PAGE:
By Duane Cochran
Times West Virginian
Veteran Bellarmine (Ky.) University coach Scott Davenport looked a bit like he’d been through a war Thursday evening after his No. 2-ranked Knights squared off with Fairmont State at the Joe Retton Arena.
That’s because he had.
FSU took unbeaten Bellarmine to the wire here last night before falling, 81-73.
“It was like a postseason game here tonight,” said Davenport, who saw his team improve to 8-0. “I mean we played as hard as we could play. They played as hard as they could play. It was like a postseason game.
“They have a couple of significant injuries on their team, and we were hampered by foul trouble literally the whole night. I’ll tell you this, though. This game is the type of game which is going to make your team better because you just can’t simulate what went on out there tonight in practice.”
What went on was an entertaining and fierce battle between a pair of NCAA Division II heavyweights. Early in the second half it looked as if the veteran Knights were going to pull away from the youthful Falcons and coast to the win.
Bellarmine, which won the 2011 national championship, quickly extended its eight-point halftime lead to 12, but instead of folding, the Falcons fought back and gave the Knights pretty much all they wanted.
A smothering, active FSU press forced Bellarmine to commit 22 turnovers, including nine in the first 11 minutes of the final half which helped the Falcons erase the double-digit deficit and build a 62-58 lead of their own.
“I thought we competed for the most part,” said a disappointed FSU coach Jerrod Calhoun, who saw his squad fall to 7-3 with the loss. “I think we played for about 33 or 34 minutes. You can’t take plays off against Bellarmine and expect to win. They’re a veteran team, which knows how to play and plays smart. They don’t take plays off. Every time we took a play off it resulted in two points for them.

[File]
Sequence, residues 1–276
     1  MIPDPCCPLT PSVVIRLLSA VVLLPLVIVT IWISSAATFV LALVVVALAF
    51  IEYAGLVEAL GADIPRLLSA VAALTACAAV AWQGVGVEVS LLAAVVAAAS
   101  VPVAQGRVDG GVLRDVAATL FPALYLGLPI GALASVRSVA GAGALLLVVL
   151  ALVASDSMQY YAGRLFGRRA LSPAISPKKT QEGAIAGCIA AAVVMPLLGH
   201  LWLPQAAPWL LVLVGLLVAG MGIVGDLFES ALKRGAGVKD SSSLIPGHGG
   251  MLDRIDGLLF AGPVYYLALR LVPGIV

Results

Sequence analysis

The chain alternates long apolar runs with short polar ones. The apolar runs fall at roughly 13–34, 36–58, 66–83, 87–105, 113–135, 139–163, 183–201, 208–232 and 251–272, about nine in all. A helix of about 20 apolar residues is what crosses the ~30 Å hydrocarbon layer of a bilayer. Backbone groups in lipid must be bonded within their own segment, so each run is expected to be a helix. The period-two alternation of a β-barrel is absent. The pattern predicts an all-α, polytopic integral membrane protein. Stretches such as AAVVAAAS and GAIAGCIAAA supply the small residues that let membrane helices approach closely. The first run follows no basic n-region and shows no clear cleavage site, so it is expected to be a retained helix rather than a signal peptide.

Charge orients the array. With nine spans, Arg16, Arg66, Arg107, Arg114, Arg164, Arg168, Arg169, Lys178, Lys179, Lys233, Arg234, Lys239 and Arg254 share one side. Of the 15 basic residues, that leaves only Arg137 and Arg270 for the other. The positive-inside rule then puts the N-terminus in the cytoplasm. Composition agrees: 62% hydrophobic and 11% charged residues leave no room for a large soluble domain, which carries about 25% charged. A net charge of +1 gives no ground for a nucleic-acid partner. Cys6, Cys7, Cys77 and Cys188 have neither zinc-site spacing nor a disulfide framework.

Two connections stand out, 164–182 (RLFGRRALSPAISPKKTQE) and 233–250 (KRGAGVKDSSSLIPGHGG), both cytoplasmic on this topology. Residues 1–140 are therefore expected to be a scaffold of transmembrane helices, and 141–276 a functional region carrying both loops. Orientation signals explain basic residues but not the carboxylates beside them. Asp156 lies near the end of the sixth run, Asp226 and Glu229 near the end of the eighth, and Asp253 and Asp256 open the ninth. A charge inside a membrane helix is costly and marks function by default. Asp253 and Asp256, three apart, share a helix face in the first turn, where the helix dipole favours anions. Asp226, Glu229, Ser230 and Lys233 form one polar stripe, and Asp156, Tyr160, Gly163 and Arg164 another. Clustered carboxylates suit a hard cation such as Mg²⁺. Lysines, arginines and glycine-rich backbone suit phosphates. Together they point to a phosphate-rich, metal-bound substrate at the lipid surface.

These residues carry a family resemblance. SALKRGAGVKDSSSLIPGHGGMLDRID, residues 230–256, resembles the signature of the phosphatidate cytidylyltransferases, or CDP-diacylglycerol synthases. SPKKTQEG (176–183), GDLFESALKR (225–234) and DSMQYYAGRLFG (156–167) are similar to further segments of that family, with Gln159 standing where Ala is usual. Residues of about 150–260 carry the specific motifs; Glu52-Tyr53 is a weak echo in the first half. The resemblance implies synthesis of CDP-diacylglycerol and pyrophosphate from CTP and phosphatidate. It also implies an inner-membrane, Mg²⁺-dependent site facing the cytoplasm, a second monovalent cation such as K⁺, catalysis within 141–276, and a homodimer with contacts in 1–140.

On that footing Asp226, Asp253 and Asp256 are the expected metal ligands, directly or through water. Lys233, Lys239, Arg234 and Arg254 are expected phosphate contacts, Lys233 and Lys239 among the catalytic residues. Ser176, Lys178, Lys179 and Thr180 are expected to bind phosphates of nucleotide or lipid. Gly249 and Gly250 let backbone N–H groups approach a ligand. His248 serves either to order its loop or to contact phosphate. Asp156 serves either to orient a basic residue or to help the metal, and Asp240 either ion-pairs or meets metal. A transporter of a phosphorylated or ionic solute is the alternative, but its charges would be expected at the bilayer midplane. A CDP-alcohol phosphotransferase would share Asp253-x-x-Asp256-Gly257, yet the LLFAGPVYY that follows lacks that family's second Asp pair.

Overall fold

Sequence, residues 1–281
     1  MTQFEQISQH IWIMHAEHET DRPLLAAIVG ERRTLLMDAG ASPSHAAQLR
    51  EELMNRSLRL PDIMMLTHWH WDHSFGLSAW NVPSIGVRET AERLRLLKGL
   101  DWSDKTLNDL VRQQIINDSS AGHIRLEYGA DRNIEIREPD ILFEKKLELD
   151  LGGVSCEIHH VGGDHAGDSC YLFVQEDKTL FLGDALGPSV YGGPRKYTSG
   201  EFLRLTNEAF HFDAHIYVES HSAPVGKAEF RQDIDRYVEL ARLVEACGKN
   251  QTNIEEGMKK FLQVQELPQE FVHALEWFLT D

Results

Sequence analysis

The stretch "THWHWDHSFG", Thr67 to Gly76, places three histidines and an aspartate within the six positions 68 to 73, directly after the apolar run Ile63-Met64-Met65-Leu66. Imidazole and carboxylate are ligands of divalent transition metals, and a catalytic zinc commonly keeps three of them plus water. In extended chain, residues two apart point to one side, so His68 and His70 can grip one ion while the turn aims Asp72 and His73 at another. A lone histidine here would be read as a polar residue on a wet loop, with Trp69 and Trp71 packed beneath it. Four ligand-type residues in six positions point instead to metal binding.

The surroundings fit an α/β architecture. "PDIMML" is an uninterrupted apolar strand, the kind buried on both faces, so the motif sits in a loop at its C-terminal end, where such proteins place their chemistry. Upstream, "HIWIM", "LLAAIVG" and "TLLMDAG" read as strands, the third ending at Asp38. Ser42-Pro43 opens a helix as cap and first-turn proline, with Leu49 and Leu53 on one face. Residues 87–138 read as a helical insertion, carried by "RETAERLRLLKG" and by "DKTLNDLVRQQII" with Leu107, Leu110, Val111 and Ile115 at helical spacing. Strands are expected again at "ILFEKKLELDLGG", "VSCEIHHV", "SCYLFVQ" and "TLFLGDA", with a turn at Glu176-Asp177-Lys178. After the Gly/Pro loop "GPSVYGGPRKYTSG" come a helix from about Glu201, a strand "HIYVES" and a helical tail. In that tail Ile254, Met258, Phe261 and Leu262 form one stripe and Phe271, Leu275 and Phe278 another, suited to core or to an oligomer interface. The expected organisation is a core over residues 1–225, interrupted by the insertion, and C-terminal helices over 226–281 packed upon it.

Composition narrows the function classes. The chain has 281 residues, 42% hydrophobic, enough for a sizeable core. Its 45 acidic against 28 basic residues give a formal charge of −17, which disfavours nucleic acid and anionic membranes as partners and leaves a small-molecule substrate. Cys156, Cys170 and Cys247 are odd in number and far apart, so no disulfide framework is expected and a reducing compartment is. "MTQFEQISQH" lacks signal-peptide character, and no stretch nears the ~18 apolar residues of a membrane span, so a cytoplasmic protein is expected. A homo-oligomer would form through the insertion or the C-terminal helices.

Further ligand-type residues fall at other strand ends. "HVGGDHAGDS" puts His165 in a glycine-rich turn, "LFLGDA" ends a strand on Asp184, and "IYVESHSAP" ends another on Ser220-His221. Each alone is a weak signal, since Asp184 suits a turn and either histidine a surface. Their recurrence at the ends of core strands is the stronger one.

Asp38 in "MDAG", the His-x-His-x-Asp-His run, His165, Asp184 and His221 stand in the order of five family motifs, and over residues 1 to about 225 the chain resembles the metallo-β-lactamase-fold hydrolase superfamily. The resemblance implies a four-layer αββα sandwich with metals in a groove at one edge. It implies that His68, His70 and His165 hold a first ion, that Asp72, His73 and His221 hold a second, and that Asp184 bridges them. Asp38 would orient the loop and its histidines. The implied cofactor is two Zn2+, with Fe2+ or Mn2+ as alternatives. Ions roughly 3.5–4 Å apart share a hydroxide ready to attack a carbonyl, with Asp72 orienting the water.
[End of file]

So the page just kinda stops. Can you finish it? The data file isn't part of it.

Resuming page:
“Our kids’ effort was there. Obviously having two starters out (Brendan Cooper and Ke’Chaun Lewis, who are both sidelined with injuries) hurt, but I told the guys afterward we’re in a big hole now. We’re 7-3, and that’s the reality of the situation. If we have any hopes of making it to the postseason we have to find a way to win some games.”
Led by Thomas Wimbush, who finished with a team-high 25 points and eight rebounds; Stevie Browning, who added 16 points, five boards and four steals; and Shammgod Wells, who chipped in 13 points and three steals, Fairmont erased a 49-37 Bellarmine lead with a 25-9 run to open a 62-58 advantage with 8:32 left to play.
“Coach put it on us with that press,” said Wimbush. “He wanted me on the ball because I’m active. We knew we had to get key stops and force them to turn over the ball to get back in it. Once we got a few stops that got us going, and we converted on the offensive side.”
Down the stretch, however, Bellarmine regrouped, took better care of the basketball and forced the Falcons to work harder to get baskets when they were on offense.
“Their press did give us some trouble,” said Davenport. “It’s tough for us to simulate that in practice. Give them credit; they did a great job with it. Some of that also falls on us because we didn’t handle it well. Trust me we’ll be better in the future because of that.
“I thought the key to the game is that in the last 10 minutes we limited their opportunities and held them to just one offensive rebound. That was huge.”
In the game’s final 8:10, Bellarmine, which shot a scorching 59.6 percent from the field in the victory (28-of-47), outscored FSU 23-11 to pull away for the win. The Knights, who were led by Vance Hall’s 28 points and Jake Thelen’s 22, also went 8-of-12 at the foul line in the last 1:37 to seal the victory.
In the last 8:10, FSU was limited to just three field goals and went just 5-of-10 at the foul line.
“It’s tough to lose this type of a game,” said FSU’s Browning, who had a good look at a 3-pointer which would’ve tied the game at 69 with 2:41 left to play but saw the shot rattle in and out and Bellarmine clear the rebound. “I thought for the most part we played hard and we battled back.
“I’m not going to say we got tired at the end. I mean maybe we were a little, but the biggest thing I think which hurt us is we had some lapses down the stretch on defense where we gave up an easy bucket and on offense where we failed to execute or turned it over. That’s what really hurt us. You can’t do that if you’re going to beat the No. 2 team in the country.”
Fairmont State will be idle now until Jan. 4 when it visits Urbana University for a 3 p.m. Mountain East Conference game in Urbana, Ohio. The Falcons will then face Notre Dame College on Jan. 6 on the road and finally return home Jan. 9 to host Wheeling Jesuit University.